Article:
Most long distance relationships at university don't last. But not all of them end, so it's possible. It's just essential to listen to each other to make sure the relationship is happy – if you stay together to prove a point but you're not happy, then it's not a success.
Heading off to university means leaving your loved ones at home, and maybe your boyfriend or girlfriend. If you decide that staying together is the best thing for you, you might have to try a long distance relationship. Here's how you can make it work.
Visit each other equally
If one of you is always the one travelling to visit the other, it won't feel like you're compromising for each other and can put a strain on the relationship.
Set times when you will talk on the phone or video chat
And stick to it. It will feel like a date and you can get excited for the time when you'll be able to talk. Don't cancel it though, or they'll feel unwanted.
Watch a Netflix series together
And don't watch an episode without them. You can discuss it during and after and it'll be like a date night. Sort of.
Be totally honest with each other
Honesty is the biggest key. Never lie about where you are, or who you've been with. Once they realise this is happening (which they will) they'll stop trusting you and the relationship will crumble.
How to deal with a break up at uni
We all have to go through break ups at some point in our lives, and it's really really hard. Whether you ended it or you were broken up with involuntarily, you still need some support.
The first thing to do is probably to call your parents or whoever in your family you're closest with, if you're close with them. It's good to let them know you're hurting so they can reach out to regularly.
Next, tell your housemates and have a good old chat with them. Talking it out and having a proper cry is always the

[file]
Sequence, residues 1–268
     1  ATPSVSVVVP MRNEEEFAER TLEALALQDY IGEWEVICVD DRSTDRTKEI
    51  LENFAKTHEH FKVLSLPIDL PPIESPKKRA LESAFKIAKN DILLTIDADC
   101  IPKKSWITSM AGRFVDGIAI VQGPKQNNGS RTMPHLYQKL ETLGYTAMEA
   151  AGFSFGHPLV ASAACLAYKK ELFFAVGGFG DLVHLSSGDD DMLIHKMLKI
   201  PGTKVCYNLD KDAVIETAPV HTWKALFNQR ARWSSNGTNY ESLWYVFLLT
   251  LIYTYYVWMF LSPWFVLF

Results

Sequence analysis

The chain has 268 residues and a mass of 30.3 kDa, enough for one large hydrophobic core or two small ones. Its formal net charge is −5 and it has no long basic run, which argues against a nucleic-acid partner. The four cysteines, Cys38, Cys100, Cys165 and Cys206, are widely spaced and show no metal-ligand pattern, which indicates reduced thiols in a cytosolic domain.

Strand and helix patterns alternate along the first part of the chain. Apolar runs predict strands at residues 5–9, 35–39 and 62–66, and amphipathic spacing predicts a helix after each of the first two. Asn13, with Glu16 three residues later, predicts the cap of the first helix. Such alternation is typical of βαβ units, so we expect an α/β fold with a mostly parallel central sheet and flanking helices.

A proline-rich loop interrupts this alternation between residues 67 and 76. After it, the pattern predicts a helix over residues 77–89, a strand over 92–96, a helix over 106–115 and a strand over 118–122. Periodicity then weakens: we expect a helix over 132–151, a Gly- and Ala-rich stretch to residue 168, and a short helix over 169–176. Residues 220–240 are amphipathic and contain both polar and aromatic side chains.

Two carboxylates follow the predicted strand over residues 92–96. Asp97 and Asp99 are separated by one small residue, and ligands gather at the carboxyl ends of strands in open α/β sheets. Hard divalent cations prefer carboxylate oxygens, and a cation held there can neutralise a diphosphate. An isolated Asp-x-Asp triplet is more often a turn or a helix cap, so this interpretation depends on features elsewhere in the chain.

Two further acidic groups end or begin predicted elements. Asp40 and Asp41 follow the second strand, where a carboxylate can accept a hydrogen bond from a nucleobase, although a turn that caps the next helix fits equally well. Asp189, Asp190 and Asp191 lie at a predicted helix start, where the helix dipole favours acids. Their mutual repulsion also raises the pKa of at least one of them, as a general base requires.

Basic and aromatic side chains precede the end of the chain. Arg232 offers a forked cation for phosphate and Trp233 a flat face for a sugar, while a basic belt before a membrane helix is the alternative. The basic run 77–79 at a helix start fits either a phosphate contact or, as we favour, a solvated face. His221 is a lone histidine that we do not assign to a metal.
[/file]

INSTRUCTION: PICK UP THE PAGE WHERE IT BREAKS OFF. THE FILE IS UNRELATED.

How to get a boyfriend or girlfriend at uni
Talk to as many people as possible
If you're looking for love, it probably won't fall into your lap. You need to get out there and talk to lots of new people to find who you're attracted to.
Get to know someone
Before you jump into a relationship, get to know someone really well. They might seem perfect for you initially and turn out to have really different views on life.
Don't be afraid to make the first move
You won't know until you try. If you make a move and they don't like you, well it wouldn't have worked anyway. And if they do like you, they'll immediately be flattered and you'll know it's mutual.
If you feel them stepping back then take it easy
Not replying to texts and not wanting to meet up is a sign they either don't like you in the right way, or they just need a bit of space. If you pull back a bit and wait for them to get in contact with you, you'll know if they're serious about moving forward with you, and you can recognise what pace they want to go at in the future.
How to pull during Freshers'
Just be yourself, be confident (but not presumptuous) and be respectful. If someone turns you down, don't pursue them.
Feeling lonely at uni
If you're feeling lonely at uni, please refer to our guide, How to make friends at uni.